Issues facing European libraries loaning e-books

A paper (pdf) by Klaus-Peter Böttger investigates issues facing European libraries loaning e-books, which are slowly, but steadily becoming more popular in most countries (partly, at least, because the rise of inexpensive e-readers).

Local language plays a role, Bottger writes, as does (of course) copyright, which has not caught up to technological change, forcing libraries into extra agreements with either authors, publishers or other copyright holders. (Physical books are protected under the first-sale doctrine.) 

Böttger outlines examples of licensing models for e-books:  

  • 26-loan capacity: after 26 loans the library has to pay another license fee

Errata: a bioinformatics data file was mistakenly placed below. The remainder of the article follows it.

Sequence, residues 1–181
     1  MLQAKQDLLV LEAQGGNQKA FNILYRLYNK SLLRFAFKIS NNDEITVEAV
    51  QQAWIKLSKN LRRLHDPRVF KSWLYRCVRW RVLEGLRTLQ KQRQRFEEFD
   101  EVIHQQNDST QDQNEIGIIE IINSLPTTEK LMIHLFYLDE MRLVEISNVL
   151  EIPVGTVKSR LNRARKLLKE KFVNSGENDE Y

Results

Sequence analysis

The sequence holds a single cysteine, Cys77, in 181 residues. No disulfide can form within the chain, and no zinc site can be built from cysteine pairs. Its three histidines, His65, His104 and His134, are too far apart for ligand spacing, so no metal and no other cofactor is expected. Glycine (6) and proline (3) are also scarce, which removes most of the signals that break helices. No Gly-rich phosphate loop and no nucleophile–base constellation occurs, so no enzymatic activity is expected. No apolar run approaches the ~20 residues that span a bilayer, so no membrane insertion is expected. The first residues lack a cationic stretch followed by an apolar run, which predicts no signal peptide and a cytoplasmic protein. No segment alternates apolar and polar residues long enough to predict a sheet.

• Only a limited back-list is available as e-books but not the new titles
  • New titles are more expensive than older ones
  • Libraries have to pay higher prices than private consumers
  • Example: While the consumer’s price for ‘Fifty shades of grey’ was
  • 9.99 USD the library price was 47.85 USD, almost five times as high!6
  • Libraries have to pay a fee per loan to the publisher
  • Libraries pay a license fee for the first 2 years according to the principle ‘one file – one user only’, but get a new second access free after two years

Here is a link to the paper: E-books : access to e-books, opportunities and limits – the challenge for libraries by Klaus-Peter Böttger